ALQST has received from its sources inside Saudi prisons a written message from prisoner of conscience Khaled bin Suleiman al-Omair, who has been detained since the end of June 2018. Khaled al-Omair smuggled out a message that he wrote on a piece of tissue, in which he expressed his protest against his detention without charge. He also requested an urgent visit from the envoy of the UN Human Rights Council, and called on all prisoners of conscience to join the hunger strike, as there is no mechanism that allows for them to obtain their rights and freedom.
The full message reads:
“I hereby declare that I am going on hunger strike from Sunday, 22 December 2019 until such time as I am released unconditionally and without restriction, since I have been detained for longer than the legal period without charge and without being brought to court, and without having obtained any of my rights that I am guaranteed under the law.
I also declare that I refuse to recognise the Counterterrorism Law and other, similar laws because they are designed to silence anyone with an opinion that differs from the government’s opinion, contrary to the provisions of all domestic laws and regional and international treaties that the kingdom has signed and is bound by.
And since I am not a terrorist, and have done nothing more than simply express the opinion that our country needs a new constitution to be written that has regard for the rights of everyone, rulers and ruled, I refuse to be dealt with under those laws, I reject all the courts and sentences arising from and based upon them, and I will continue my strike until I am released.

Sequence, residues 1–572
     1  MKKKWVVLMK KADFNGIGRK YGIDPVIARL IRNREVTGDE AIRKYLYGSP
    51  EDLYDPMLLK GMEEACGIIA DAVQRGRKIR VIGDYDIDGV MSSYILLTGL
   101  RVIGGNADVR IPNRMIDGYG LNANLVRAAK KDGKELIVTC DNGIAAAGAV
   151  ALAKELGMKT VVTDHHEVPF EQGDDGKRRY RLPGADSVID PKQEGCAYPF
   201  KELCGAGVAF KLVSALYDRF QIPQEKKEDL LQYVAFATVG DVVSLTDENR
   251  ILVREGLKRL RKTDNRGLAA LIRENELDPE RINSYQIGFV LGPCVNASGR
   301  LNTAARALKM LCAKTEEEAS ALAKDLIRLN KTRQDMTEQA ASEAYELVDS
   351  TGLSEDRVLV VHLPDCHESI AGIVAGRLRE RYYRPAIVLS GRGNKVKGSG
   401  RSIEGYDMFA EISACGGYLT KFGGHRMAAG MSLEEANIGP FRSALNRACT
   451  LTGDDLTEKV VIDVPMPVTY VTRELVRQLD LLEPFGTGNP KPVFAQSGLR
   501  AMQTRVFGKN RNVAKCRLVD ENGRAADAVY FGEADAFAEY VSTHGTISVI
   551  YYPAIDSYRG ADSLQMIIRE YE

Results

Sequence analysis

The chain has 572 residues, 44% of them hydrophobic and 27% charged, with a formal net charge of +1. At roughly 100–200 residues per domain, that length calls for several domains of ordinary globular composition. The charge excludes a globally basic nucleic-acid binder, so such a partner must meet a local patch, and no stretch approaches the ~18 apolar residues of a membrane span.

Until that happens, I urgently request an interview with the envoy of the UN Human Rights Council, since I have asked the prison administration several times previously for an interview with the representative of the Human Rights Commission in the kingdom and the representative of the Public Prosecution and my request has not been fulfilled to date.
In this statement I am calling on all prisoners of conscience in the kingdom to follow my example in going on hunger strike and rejecting those despotic laws and the things that arise from and are based on them, because this rejection is our only way of obtaining our violated rights.”
Wing 3, Cell 7
Al-Ha’ir Political Prison
This is not the first time that al-Omair has been imprisoned arbitrarily and undertaken a hunger strike. He began a hunger strike on 6 October 2016 in protest against his continuing detention despite the expiry of his eight-year prison sentence, remaining on hunger strike until an order was issued for his release. The authorities re-arrested him without charge after he filed a complaint against an officer who tortured him in prison.
ALQST also learned that prominent human rights activist Waleed Abu al-Khair began a hunger strike on 27 November, in protest against his transferal to a high security unit and being subjected to torture, which led to deterioration in his health. He ended his strike after 14 days, after the authorities returned him to his previous cell on 10 December.
On 11 December, the authorities again raided Waleed Abu al-Khair’s cell, as well as the blogger Raif Badawi, and transferred them both, hands and feet tied, to a high security unit. This led Abu al-Khair to return to hunger strike, along with Badawi, which continues until now.